So the men have decided that they must now bear children and Joe volunteered to carry me - one of thousands of embryos frozen during the In Vitro Fertilization craze - in a Monsanto-designed artificial uterus that’s been attached inside his abdomen.

Joe was selected because he is a healthy 25 year old man. As a soldier, he volunteered for the job because he has been promised that this duty will help advance his career in the military.Joe is the first man to carry out this experiment. I am being constantly monitored while Joe goes about his regular job, which has been considerably lightened to accommodate the important project that he bears.

The artificial uterus, in addition to all the normal features that would be found in the womb of a four-month pregnant woman, has links to the outside world through various electronic leads that allow the scientists to watch every step of my development inside Joe’s body. As well, needles are often carefully inserted by the Monsanto biomedical engineers into the walls of their patented FetusCarrier™ to ensure that the levels of their synthetic hormones are maintained.

The fuss that surrounds Joe and his FetusCarrier™ continues like this, day and night. When I first started moving around inside Joe, I could sense how nervous that made him. But his doctor and the scientists quickly reassured and congratulated him about his role in hosting my growth. It’s not very comfortable for me when they make Joe stretch out on a gurney while they prod and poke at him. I much prefer when he’s walking briskly, bouncing me around inside the squishy artificial amniotic fluid.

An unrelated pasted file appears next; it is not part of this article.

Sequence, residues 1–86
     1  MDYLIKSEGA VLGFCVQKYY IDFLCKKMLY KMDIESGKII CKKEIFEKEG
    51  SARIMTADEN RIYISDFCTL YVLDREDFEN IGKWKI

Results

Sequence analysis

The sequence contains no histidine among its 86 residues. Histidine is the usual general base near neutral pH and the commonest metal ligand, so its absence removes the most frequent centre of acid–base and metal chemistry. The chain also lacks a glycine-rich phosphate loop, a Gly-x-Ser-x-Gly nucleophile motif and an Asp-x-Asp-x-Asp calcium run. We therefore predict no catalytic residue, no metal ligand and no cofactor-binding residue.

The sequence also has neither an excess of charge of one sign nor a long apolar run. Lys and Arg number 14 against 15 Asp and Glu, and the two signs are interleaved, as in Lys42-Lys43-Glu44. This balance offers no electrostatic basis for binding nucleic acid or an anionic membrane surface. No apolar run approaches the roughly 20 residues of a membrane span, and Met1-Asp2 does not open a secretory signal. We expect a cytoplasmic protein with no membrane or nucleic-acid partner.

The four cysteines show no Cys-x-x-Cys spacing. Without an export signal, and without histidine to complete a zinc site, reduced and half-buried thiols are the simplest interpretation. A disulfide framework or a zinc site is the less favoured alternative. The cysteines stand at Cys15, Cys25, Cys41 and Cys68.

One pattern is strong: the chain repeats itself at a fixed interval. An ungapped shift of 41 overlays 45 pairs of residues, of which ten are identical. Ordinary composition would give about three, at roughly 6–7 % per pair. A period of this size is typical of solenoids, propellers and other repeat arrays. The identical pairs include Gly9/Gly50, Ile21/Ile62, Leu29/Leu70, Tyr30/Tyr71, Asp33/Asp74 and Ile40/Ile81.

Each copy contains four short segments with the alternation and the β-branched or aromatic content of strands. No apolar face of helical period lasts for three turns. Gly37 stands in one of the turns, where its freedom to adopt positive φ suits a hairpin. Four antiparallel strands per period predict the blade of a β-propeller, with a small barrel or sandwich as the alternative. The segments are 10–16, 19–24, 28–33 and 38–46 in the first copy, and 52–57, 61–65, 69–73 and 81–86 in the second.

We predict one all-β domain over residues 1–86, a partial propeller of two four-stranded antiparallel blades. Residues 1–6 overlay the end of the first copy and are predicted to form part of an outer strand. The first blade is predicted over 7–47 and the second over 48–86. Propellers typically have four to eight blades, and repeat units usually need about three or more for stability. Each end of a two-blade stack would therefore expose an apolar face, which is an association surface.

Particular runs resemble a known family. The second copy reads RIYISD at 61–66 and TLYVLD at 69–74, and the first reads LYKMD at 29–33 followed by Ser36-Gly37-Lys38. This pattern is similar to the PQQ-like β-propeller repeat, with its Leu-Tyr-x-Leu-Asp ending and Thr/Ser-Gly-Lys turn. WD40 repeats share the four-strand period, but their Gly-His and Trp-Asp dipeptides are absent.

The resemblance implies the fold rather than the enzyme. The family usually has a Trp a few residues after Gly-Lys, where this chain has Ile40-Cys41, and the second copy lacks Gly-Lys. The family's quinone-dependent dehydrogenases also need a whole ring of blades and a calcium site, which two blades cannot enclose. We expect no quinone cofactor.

But I suffer through the examinations the scientists and engineers conduct of their FetusCarrier™, scrutinizing every aspect of its functions captured by all the electronic devices that were inserted into it, at the same time that they stuck me here. Sometimes I wonder if my continued existence is only an adjunct to the important scientific work that they’re doing in testing out the efficacy of their new product.

Originally posted at Birth Pangs.

Tuesday, 3 April 2007

God wants you to carry your kidney stones to term

HOUSTON - Thurston Willaby was on his way to the hospital for surgery when he was approached by a couple who suggested that he had other options. He accompanied them to a ‘health crisis’ center, where he was given an ultrasound exam of his kidneys and promised help if he carried his stones to term.